If you want to be a successful email marketer, it’s essential that subscribers open your messages. After all, if your audience isn’t opening your emails, it’s impossible for them to take action, such as clicking through to your website or making a purchase.
Here are some tips for crafting these types of successful marketing emails:
1. Solve a problem.
If you knew that an email marketing newsletter would help solve a problem you were having, would you subscribe to it? If the sender set expectations up front and promised that every email would lead you closer to solving that problem, you’d open those messages, wouldn’t you?
One example of a company that does this right is Quibb, a professional news site that allows people to share what they’re reading for work. It helps its subscribers solve their problems by digesting news and allowing readers to quickly catch up on what’s relevant in their industry. Quibb’s problem-solving approach translates into an average open rate on its daily digest email that ranges between 50 percent and 70 percent. That’s significantly higher than the average marketing email open rate (in Morocco) of 25.6 percent, according to the Direct Marketing Association.
2. Save them money.
Groupon and other daily deal emails have proliferated by offering subscribers the opportunity to save money. Sure, you have to spend money to save, but it can be enticing to get 50 percent off a dinner at a restaurant you’ve always wanted to try or 40 percent off the oil change you’ve been putting off for months.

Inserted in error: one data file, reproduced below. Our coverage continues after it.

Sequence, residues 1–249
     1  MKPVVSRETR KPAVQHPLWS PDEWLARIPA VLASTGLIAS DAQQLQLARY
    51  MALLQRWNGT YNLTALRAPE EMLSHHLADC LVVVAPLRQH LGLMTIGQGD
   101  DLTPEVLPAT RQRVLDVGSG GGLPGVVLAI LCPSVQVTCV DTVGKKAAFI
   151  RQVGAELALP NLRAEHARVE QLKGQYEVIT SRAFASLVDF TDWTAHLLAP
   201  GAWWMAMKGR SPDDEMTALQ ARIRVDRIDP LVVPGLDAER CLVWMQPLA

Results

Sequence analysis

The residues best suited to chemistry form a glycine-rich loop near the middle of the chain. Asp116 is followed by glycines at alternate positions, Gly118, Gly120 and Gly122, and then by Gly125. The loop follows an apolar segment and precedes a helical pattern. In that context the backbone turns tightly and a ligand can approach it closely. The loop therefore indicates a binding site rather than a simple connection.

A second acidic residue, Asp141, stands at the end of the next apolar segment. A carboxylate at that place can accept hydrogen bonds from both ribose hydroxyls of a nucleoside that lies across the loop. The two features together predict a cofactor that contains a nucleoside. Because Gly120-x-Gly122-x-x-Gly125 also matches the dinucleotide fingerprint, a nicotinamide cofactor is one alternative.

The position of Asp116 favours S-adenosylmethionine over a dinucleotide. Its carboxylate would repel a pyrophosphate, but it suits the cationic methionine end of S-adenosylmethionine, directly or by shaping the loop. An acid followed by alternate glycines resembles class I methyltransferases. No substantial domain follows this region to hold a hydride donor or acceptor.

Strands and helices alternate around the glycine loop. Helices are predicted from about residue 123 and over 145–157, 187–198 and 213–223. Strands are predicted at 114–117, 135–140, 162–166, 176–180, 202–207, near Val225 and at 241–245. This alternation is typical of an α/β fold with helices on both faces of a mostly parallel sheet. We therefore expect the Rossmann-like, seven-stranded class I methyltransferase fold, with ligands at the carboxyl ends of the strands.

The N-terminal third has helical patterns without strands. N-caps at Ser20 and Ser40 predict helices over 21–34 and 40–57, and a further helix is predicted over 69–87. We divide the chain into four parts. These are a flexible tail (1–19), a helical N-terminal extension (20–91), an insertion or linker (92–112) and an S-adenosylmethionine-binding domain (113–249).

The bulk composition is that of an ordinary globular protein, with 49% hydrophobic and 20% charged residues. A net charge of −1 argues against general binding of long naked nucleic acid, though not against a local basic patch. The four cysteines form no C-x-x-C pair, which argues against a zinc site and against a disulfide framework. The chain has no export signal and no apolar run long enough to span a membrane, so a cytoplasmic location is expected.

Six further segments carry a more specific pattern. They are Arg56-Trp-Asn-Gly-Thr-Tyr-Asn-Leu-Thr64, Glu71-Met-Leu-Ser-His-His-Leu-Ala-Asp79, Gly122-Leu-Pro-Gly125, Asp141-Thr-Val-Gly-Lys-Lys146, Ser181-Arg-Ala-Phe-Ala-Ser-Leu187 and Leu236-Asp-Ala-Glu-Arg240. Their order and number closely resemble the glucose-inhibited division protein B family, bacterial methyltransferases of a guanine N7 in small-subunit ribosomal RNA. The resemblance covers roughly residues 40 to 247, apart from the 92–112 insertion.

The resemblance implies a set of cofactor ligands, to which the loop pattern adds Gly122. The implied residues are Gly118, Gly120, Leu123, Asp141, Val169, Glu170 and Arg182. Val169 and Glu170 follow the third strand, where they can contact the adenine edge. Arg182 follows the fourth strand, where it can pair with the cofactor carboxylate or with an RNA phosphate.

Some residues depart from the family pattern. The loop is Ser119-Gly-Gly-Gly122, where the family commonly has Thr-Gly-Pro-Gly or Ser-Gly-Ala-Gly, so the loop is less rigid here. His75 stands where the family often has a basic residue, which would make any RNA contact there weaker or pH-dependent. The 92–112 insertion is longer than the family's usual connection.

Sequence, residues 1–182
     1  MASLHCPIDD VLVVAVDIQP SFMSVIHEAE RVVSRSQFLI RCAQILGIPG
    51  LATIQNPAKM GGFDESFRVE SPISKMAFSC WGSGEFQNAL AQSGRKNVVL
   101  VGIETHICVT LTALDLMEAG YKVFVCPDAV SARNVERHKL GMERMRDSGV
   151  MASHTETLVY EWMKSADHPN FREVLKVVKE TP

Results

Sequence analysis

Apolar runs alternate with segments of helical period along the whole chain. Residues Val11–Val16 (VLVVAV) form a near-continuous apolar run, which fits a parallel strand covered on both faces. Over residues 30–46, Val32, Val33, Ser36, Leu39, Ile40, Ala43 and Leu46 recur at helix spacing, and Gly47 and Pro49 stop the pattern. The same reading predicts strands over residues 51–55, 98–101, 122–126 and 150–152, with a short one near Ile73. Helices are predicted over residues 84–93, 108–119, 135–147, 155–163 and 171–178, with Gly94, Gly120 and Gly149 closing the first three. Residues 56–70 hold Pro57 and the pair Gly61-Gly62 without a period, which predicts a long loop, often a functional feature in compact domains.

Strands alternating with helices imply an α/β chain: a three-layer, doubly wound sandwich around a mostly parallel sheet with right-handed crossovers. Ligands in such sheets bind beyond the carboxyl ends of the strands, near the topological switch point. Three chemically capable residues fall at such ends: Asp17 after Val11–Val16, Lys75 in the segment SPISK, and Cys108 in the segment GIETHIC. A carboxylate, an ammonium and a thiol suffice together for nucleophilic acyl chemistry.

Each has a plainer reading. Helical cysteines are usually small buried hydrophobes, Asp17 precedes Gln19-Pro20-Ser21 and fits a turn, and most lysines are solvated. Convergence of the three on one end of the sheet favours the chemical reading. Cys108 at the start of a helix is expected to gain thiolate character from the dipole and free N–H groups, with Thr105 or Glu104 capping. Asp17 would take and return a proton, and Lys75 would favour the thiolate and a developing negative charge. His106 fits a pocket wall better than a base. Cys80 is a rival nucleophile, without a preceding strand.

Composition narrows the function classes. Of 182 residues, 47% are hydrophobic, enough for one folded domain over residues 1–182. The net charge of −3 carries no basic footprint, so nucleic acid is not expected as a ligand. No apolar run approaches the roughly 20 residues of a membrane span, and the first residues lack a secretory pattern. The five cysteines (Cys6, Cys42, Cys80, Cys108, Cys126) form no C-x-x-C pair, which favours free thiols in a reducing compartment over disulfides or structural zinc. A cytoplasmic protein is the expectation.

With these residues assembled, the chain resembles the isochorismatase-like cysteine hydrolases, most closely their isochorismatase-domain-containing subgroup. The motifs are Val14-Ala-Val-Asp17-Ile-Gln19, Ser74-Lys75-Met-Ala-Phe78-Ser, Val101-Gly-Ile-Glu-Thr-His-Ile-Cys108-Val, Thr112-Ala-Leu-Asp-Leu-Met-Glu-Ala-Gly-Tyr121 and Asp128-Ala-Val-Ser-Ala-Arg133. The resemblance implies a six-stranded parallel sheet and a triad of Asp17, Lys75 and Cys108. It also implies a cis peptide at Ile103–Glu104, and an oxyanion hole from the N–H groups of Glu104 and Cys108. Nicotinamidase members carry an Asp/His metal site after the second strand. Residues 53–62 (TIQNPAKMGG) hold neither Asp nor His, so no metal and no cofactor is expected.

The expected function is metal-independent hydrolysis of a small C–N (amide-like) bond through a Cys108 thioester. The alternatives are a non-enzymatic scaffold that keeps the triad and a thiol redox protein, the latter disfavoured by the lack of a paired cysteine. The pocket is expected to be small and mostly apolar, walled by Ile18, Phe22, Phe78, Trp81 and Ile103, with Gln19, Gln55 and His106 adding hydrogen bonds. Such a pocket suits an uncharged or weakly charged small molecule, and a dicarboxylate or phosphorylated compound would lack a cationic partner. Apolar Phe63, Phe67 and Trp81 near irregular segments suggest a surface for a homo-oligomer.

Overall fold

Similarly, business-to-consumer marketers often put words such as « free, » « save, » « sale » or « free shipping » in their subject lines. Many people — my wife included — save such emails in their inbox for the next time they’re shopping in a store or online. Then, they search their inbox for the promotional offer.
For your own marketing emails, test different types of offers. Sometimes free shipping can be more effective than a percentage discount. Other times, a dollar amount savings may work best. Try a subject line split test to see what resonates most with your audience.
3. Make them smarter.
Some of us embrace the « always be learning » motto. To hone our skills, we read business or trade publications, or we take courses. Many marketers exploit this desire to become smarter by sending emails that promise just that.
An example is social media expert Chris Brogan’s weekly Sunday email. Brogan shares what’s on his mind with the goal of making his subscribers smarter. In a recent email with the subject line « The Sidewalk, The Storefront and the Back Room, » Brogan talked about « touch points of opportunity » — essentially, how your potential customers can find you. His open rates are often higher than 40 percent, and many of his weekly words of wisdom are shared on social networking sites, helping him attract more potential customers to his email list.
If your emails tend to be focused on selling, try mixing it up next time. Don’t sell, just inform.